Usually I try to write these newsletter articles with a modicum of objectivity and fairness, checking my passion at the gate. But this latest travesty from the Cholesterol Establishment is simply too much to take sitting down.
On Nov 11, The National Heart, Lung and Blood Institute issued new guidelines on cholesterol.
They now advise screening for all children between 9-11.
Let me tell you in no uncertain terms why this is utterly ridiculous.
Number one: Cholesterol is a hormone factory.
Cholesterol is actually the parent molecule for the whole family of hormones known as steroid hormones. These hormones include cortisol (known as the “flight or fight” hormone), and the entire family of sex steroids including the estrogens, progesterone and testosterone. The sexual side effects of statin drugs has been well documented, and was even the subject of an entire book by one of the top cholesterol researchers in the world, Michel de Lorgeril, MD. Do we really want to put children on a drug that can conceivably impact their entire sexual development? Really?
Number two: Cholesterol is used by the body to synthesize bile acids.
Bile acids vitally important for the digestion of fat. They’re synthesized from cholesterol and then secreted into the bile. Bile acids are so important to the body that it holds onto most of them, keeping them from being lost in the feces and instead causing them to be reabsorbed from the lower intestine, put into a kind of “metabolic recycling” container and taken back to the liver. Still, even with its best efforts, the body loses some bile acids and to make up for this, the liver synthesizes approximately 1500-2000 mg of new cholesterol a day (that’s about 7-10 times the amount in a large egg). Clearly the body thinks you need that cholesterol.
Number three: Cholesterol is an essential component of cell membranes.
Cholesterol is an essential part of the membranes of the brain, the nervous system, the spinal cord and the peripheral nerves. It’s incorporated into the myelin sheath, a kind of insulation or “cover” for the nerve fibers that facilitates nerve impulse transmission. Cholesterol is also important for stabilizing cells against temperature changes. Memory and cognition problems are one of the most common side effects of statin drugs. (For more on this, see Dr. Duane Graveline’s frightening book, “Lipitor: Thief of Memory”.)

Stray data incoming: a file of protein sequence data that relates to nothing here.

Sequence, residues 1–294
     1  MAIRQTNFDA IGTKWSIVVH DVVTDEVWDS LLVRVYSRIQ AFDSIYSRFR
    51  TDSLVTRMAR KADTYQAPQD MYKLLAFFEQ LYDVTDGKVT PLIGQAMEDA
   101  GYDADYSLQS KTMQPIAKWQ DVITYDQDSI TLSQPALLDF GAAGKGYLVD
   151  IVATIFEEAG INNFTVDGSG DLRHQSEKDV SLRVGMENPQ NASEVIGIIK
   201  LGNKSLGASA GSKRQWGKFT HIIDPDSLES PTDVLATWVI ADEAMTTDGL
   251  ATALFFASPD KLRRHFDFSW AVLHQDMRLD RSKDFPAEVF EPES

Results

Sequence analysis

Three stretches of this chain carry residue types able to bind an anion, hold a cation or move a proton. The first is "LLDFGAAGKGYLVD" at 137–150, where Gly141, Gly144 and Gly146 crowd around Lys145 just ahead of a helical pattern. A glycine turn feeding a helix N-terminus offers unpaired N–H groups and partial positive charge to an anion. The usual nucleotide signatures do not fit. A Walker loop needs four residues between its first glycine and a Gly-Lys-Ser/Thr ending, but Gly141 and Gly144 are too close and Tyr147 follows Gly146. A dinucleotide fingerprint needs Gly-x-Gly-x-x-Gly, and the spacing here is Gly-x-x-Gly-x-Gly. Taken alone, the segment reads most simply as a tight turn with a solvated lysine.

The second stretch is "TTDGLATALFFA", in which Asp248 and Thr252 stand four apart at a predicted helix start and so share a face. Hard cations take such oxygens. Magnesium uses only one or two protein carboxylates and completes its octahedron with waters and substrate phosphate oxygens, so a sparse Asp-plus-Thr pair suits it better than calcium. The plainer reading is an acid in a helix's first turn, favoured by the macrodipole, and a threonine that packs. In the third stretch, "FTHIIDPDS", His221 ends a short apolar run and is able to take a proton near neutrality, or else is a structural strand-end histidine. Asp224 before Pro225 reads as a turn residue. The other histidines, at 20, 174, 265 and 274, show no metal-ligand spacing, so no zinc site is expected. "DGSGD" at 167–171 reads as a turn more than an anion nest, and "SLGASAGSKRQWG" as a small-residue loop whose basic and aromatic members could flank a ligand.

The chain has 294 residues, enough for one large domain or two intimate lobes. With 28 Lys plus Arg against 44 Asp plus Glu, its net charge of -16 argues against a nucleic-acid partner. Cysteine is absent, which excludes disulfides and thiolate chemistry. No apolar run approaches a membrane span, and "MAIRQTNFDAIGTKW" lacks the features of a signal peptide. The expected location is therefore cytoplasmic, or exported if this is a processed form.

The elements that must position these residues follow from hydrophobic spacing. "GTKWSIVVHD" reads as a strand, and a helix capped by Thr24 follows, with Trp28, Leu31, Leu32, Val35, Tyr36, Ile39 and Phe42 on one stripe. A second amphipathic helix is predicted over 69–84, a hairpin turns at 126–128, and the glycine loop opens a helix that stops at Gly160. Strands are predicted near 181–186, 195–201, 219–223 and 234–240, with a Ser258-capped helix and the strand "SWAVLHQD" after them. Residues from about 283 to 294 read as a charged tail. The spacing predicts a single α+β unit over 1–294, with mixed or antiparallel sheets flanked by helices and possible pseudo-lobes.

Number four: Cholesterol is important for the Immune System.
Cholesterol has an important connection to the immune system. Research has shown that human LDL (so-called “bad” cholesterol) is able to inactivate over 90 percent of the worst and most toxic bacterial products(1-4).
And a number of studies have linked low cholesterol with a greater risk of infections. One review of 19 large, peer-reviewed studies of more than 68,000 deaths found that low cholesterol predicted an increased risk of dying from respiratory and gastrointestinal disease, both of which frequently have an infectious origin. Another study that followed more than 100,000 healthy individuals in San Francisco found that those who had low cholesterol at the beginning of the 15—year study were far more likely to be admitted to the hospital because of an infectious disease.(1,2). And an interesting finding from the MRFIT study found that 16 years after their cholesterol was first checked, the group of men whose cholesterol level was 160 or less were four times more likely to die from AIDS than the group of men whose cholesterol was over 240! (3)
Number five: Cholesterol is the parent molecule for vitamin D
It’s well known that an enormous number of people- perhaps over 50% of the population in this country, though exact figures aren’t known—have far less than the optimal amount of vitamin D in their systems. Low levels of vitamin D have been linked to depression, cancer, physical performance, weakened immunity, the inability to lose weight and even overall life expectancy. Could the huge number of vitamin D deficiency clinicians are seeing on a regular basis be partly due to the overuse of statin drugs? It’s hard to know—but it passes the smell test.